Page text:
In Asian societies, particularly Vietnamese society, people have a habit of being superstitious and this has been part of their daily life. On such occasions as marriages, funerals and open new house, people will try to choose a propitious date.
On the Vietnamese New Year, people believe that the first person who visits their home during Tet holiday has a bearing on their welfare for the whole year. In contrast, the person who sweeps the floor on the first three days of this festive occasion might sweep away the wealth. As for other things, such as setting out for an examination, embarking on a business venture or planning an escape from Communist Vietnam, people will try to avoid "crossing the path of a woman", in much the same way as Western people would try to avoid "crossing the path of a black cat" when undertaking something important.
The Vietnamese attach great importance to two traditional family obligations: to care for their parents in their old age and to worship them after death. In each Vietnamese family has at least one altar on which there are the pictures of their ancestors. Family members worship their ancestor because they think parents after death will go to live in another world and this altar is the place where the ancestors’ soul live in. As a result, every day, Vietnamese people not only lay the table for meal but they also lay the food on the altar for the belief that those ancestors will have a meal with them.
Spiritual life, sometimes, plays more than a passing role in Vietnamese society. By the time a boy is old enough to , for example, he may not be able to wed the girl he loves because she was born in the wrong year. On the 12-year lunar calendar commonly used throughout Asia, many of the years are considered incompatible. Such years are thought to bring misfortune if they are improperly matched with other years. Thus, a young man born in "the Year of the Tiger," cannot marry his beloved from "the Year of the Horse" unless he wants to risk a break in family ties with his parents and elder relatives. To the conservative relatives, the Tiger and Horse are incompatible and sure to bring bad luck to such a marriage. Besides, the hoot of an owl is regarded as a bad omen announcing death or illness. According to ancient tradition, the bird must be chased away and those who heard his cry should be extremely cautious about their personal safety.
What is the best way to keep a healthy? An old Vietnamese grandfather believes the charm of a certain necklace wards off evil spirits and he may give it to his grandson to protect the boy. An employee fails to show up for work on the third day of the lunar month because he believes that particular date brings him bad luck. A student tries to borrow money to buy lottery tickets because he dreamed of a special event or number one night before. These are some examples of spiritual life which may baffle the foreign visitor to this country. Yet, in Vietnam, it is part of tradition and customs passed down from one generation to the next. Ignorance, of course, plays some roles in the traditional acceptance of spiritual life. Not having sufficient knowledge, faith or trust in scientific methods, a Vietnamese often relies on his prejudices, emotions and the word of his forefathers to guide his daily life.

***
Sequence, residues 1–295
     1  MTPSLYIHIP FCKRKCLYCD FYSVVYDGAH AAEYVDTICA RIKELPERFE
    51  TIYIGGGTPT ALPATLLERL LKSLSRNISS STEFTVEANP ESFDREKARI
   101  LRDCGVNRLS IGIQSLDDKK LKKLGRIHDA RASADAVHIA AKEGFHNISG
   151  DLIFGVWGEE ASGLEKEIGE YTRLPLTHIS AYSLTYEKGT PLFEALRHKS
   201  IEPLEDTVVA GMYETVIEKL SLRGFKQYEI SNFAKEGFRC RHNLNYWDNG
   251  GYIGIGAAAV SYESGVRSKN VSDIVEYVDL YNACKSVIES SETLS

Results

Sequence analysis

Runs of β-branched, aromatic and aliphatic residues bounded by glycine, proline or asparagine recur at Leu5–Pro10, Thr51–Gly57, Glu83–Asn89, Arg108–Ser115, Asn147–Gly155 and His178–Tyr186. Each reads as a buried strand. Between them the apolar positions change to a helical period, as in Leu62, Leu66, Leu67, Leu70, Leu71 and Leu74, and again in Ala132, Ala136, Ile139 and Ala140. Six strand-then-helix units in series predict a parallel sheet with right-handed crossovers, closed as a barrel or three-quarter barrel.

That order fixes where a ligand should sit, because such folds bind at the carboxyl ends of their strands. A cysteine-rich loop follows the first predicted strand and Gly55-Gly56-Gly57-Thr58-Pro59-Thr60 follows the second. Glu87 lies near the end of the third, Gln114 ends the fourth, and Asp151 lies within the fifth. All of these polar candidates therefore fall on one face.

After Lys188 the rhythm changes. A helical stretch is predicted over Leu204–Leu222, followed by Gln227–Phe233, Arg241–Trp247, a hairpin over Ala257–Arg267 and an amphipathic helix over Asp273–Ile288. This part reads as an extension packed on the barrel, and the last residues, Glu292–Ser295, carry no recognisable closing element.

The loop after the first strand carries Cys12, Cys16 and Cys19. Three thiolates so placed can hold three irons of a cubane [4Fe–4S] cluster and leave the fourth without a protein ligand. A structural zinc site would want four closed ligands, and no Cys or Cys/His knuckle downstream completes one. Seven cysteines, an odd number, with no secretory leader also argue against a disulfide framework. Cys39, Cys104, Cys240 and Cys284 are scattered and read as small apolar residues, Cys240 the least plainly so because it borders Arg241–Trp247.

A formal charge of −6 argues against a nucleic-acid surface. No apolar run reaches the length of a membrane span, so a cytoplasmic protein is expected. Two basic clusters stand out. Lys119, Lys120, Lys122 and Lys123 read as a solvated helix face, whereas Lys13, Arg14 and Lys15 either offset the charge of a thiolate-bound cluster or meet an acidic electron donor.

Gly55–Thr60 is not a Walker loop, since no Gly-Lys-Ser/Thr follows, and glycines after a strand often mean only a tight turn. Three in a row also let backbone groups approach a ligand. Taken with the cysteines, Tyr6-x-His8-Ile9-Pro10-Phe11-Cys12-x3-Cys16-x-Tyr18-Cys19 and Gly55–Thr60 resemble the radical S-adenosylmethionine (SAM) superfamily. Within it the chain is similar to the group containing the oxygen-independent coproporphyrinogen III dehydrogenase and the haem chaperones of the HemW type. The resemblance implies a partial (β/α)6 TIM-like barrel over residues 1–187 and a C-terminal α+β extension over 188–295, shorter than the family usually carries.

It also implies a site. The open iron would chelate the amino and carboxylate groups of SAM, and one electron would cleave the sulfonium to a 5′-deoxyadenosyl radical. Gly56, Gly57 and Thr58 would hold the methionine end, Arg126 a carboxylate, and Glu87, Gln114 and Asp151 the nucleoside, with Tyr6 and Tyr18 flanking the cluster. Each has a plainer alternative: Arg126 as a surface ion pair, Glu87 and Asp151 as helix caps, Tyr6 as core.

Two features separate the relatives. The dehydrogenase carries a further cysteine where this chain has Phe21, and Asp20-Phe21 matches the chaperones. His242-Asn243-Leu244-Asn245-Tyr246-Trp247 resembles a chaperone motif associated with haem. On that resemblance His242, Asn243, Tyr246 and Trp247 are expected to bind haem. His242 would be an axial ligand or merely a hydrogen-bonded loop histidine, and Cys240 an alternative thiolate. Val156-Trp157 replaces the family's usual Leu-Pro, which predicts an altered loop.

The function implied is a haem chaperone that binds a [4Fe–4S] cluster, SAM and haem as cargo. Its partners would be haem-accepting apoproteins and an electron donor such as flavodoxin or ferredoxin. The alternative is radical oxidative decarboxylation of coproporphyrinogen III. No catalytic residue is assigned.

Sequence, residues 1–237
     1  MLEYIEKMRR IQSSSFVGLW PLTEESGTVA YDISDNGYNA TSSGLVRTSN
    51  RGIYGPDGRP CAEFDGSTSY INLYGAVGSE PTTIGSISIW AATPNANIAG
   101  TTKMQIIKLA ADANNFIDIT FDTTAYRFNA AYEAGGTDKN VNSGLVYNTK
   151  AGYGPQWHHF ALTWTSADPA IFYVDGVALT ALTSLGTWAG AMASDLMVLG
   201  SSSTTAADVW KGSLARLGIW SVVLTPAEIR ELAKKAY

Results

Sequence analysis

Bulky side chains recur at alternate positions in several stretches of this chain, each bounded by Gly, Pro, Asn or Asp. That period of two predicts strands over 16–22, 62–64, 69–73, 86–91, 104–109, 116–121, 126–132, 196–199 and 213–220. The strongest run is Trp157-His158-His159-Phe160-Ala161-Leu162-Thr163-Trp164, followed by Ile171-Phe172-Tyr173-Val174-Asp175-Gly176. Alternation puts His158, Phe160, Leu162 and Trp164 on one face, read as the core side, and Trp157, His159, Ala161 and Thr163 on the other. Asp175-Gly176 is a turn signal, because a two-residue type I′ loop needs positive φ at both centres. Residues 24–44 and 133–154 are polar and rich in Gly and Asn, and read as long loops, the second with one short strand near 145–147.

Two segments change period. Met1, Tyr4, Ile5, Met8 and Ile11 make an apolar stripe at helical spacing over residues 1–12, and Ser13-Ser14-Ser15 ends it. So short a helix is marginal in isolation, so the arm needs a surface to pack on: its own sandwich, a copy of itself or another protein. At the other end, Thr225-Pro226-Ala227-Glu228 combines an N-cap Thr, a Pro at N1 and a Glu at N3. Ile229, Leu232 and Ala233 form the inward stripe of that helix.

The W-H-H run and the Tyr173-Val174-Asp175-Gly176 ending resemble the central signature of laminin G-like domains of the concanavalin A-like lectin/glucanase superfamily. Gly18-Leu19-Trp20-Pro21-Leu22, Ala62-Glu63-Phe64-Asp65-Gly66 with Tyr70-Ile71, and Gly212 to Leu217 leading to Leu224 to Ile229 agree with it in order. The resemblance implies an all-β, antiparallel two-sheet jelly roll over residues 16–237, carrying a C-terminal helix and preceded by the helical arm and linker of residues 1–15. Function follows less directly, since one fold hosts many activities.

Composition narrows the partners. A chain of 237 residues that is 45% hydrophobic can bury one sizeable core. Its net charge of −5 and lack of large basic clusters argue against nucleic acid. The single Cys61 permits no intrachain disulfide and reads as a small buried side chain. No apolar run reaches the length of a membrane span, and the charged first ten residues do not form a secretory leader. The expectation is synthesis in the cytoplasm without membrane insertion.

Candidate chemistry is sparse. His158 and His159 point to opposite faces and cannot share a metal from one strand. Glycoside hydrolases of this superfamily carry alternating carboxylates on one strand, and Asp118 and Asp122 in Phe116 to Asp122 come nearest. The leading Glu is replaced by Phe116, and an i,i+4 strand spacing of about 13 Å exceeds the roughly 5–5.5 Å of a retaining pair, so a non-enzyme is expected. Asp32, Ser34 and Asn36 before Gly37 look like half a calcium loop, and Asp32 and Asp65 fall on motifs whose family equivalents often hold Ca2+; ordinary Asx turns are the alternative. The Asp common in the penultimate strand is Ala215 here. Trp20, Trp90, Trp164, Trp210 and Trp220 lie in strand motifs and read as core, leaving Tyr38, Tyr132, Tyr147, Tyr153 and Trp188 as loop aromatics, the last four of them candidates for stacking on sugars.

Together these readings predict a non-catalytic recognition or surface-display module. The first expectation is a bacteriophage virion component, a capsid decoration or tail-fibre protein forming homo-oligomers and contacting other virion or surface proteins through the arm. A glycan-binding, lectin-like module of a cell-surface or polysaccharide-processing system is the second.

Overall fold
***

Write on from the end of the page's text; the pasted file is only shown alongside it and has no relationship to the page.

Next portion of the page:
A large number of fortune-tellers, astrologers and palm-readers owe their living to Vietnamese spiritual life and often made a small fortune from their clients. That the reason why, in Vietnam, even the poor save money for occasional visits to well-known soothsayers. Spiritual life has been known to determine the conduct of the war in this ravaged country. A friendly or enemy commander may refuse to attack or may alter his strategy if the stars are not in his favor.
One story has it that, an American commander always consulted a Vietnamese astrologer before planning the deployment of his troops. When questioned by his incredulous superiors, he explained that, according to his theory, he could depend on the enemy to base his attacks on the positions of the stars. Therefore, he consulted a stargazer himself for intelligence on the enemy's movements.
Another story passed down through history is about of the two famous Vietnamese generals, Le Loi and Nguyen Trai. Several years ago, the pair was leading a war against Chinese invaders. Nguyen Trai decided to turn spiritual life to his advantage and used grease to write the phrases "Le Loi vi Quan; Nguyen Trai vi Than," (Le Loi for King; Nguyen Trai for Minister of State) on the large leaves of forest trees. Ants later consumed the grease absorbed in the leaf tissue and left the prophecy clearly engraved. People living nearby noticed the perforated leaves and interpreted them as a "divine message." Inspired by this, they wholeheartedly supported the war which eventually led to the defeat of the Chinese and the enthronement of Emperor Le Loi.
There are some social reformers in my country who believe that, spiritual life is a problem and should be eradicated as Vietnam is now becoming a truly progressive as well as modern nation. Personally, how dull life would be if all our soothsayers, fortune tellers, palm-readers and astrologers were pensioned off and retired! I promptly took this bad proposition to my favorite soothsayer who solemnly assured me that this is not in the stars…